CBN Governor, Emefiele

A United Kingdom Commercial Court on Tuesday ordered the release of the $200m guarantee put in place as security in respect of the execution of the much-discredited Process and Industrial Development ( P&ID) company’s $10bn arbitral claim.

The Central Bank of Nigeria revealed this today via its official Twitter handle, @cenbank.

Commenting on the outcome, the Governor of the Central Bank of Nigeria, Godwin Emefiele, said: “Due to the substantial evidence of prima facie fraud established before the Court, we are pleased that the Judge has agreed to release the guarantee. We are also pleased that the Court has rejected P&ID’s application to increase the guarantee, which was clearly intended to be a diversionary tactic and entirely misconceived. This release which is an accretion into the reserves will further enhance the nation’s management of the exchange rate of its domestic currency, the Naira.

“This is a further and significant victory for Nigeria in our ongoing fight to overturn the US$10 billion award procured through fraud and corruption by P&ID and former government officials.

“P&ID and its backers, Lismore Capital and VR Advisory, are increasingly seeing their case slip between their fingers. They continue to resort to employing delay tactics, disseminating misleading claims, and taking every step to obstruct our investigations across multiple jurisdictions.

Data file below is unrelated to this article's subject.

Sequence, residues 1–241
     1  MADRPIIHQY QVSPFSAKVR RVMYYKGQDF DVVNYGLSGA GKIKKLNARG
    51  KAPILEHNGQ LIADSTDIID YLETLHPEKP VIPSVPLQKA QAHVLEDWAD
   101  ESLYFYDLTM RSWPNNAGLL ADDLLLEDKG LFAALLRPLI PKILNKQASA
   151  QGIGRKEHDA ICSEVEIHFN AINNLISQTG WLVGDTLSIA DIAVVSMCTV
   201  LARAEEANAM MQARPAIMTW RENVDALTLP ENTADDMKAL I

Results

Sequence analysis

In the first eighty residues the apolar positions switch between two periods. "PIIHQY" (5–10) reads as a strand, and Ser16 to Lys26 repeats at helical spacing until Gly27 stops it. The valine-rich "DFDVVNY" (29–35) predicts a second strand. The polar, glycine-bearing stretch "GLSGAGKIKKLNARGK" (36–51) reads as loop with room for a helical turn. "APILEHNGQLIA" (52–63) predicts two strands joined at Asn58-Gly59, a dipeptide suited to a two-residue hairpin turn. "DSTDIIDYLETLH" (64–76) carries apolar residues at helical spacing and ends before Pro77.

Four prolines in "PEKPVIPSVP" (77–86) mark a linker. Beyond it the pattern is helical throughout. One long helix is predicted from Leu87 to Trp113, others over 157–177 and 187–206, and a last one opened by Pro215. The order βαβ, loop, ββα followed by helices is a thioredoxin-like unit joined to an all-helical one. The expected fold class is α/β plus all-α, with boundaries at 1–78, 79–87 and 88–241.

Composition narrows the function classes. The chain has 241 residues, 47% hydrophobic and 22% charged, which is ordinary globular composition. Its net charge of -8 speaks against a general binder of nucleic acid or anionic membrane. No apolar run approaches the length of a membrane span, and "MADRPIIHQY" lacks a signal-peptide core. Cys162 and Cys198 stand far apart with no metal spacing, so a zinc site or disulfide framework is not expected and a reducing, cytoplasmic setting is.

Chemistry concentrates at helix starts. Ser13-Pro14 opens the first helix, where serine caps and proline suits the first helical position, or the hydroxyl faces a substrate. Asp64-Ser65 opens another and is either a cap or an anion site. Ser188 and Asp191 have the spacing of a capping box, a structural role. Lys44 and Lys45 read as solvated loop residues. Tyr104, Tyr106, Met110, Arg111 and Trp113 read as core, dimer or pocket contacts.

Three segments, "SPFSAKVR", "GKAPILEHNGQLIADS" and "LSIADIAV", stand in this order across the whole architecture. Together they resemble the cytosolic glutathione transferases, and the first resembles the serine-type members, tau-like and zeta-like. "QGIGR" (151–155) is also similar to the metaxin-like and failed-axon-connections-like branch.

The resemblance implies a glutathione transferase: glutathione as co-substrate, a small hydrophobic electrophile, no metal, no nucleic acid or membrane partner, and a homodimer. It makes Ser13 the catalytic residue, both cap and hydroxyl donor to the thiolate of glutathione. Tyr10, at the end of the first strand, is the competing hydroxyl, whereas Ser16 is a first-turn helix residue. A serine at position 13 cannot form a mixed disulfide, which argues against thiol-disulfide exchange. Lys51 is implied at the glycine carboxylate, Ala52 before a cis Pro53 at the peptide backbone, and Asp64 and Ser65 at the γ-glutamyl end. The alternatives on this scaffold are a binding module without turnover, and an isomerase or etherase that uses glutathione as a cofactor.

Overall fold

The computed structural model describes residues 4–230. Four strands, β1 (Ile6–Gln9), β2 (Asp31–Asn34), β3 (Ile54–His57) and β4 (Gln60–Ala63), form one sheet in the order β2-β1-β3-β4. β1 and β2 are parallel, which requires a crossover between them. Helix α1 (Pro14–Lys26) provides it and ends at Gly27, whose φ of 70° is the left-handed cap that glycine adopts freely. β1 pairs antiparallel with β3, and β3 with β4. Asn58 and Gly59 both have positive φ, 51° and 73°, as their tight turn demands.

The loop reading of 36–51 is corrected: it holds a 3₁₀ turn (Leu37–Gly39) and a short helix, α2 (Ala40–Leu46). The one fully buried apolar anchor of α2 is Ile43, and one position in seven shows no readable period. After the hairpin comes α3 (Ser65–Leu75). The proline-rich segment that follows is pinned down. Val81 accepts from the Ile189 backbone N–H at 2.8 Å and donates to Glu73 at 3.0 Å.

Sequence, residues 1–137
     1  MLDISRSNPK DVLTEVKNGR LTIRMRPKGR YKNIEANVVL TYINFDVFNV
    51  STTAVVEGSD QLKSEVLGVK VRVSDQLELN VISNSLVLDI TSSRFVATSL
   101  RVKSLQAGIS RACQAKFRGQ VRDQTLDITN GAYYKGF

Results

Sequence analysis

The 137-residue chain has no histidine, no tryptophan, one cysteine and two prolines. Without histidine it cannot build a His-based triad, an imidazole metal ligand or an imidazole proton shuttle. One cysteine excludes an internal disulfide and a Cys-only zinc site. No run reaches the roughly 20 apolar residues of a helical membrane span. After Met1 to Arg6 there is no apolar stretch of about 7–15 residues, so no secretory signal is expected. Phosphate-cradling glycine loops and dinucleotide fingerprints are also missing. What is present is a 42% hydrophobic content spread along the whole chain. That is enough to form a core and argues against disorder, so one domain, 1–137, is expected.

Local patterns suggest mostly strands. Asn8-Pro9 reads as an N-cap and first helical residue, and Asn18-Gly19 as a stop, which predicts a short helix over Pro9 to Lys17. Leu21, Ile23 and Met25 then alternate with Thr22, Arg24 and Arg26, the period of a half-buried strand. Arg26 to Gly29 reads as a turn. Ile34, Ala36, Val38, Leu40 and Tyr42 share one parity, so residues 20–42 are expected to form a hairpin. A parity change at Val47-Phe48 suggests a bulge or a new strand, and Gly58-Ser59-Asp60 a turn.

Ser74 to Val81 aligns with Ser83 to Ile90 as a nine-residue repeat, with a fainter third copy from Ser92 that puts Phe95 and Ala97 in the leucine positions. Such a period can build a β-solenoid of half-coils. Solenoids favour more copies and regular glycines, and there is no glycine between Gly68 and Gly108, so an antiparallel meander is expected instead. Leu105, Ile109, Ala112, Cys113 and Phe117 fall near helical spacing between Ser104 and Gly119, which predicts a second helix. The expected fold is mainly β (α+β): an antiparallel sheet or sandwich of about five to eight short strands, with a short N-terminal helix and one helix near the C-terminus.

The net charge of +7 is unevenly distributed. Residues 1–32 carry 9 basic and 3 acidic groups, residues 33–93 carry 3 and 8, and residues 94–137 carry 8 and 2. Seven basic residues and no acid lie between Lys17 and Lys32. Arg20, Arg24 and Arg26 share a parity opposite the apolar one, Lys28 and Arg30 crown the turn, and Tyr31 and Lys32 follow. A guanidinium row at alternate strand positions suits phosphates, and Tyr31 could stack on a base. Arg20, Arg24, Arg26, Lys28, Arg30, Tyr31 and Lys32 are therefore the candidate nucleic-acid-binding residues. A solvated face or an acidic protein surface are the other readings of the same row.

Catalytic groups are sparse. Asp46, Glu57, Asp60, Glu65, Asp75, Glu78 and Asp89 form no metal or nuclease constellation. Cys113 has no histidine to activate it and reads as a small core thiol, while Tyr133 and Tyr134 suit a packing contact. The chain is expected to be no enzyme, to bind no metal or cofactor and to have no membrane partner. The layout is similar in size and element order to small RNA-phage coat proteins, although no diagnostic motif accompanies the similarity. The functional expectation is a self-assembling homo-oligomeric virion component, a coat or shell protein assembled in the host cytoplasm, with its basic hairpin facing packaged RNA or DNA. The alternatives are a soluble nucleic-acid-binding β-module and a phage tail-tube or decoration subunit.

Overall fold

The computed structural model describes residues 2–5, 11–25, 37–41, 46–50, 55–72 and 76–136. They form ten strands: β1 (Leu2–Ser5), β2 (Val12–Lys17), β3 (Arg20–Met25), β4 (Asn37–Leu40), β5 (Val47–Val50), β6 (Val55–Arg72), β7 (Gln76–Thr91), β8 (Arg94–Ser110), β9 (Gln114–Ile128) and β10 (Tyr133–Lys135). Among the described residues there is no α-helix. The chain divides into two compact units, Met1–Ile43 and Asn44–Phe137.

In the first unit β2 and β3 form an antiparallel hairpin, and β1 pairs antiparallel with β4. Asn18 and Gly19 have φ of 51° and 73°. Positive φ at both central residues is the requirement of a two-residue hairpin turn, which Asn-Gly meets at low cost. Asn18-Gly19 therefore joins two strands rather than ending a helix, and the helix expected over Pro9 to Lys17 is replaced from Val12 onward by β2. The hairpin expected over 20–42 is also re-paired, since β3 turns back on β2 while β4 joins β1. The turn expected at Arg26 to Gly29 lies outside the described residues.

“The FRN will not rest until we secure justice for the people of Nigeria – no matter how long it takes. Investigations are ongoing, and we are confident that more of the truth will be revealed over the coming months.”

Nigeria in September successfully sought the right to appeal an August ruling that would have converted the arbitration award to a judgment, which would make it easier for P&ID to seize its assets.

Justice Cranston J. of the United Kingdom High Court had on September 10, 2020 ordered P&ID to make an interim payment of more than £1.5 million to the Nigerian Federal Government within 21 days.

The £1.5 million was to cover legal costs the federal government incurred as part of its successful application for the extension of time to challenge the arbitration award and procedural hearing earlier in the year.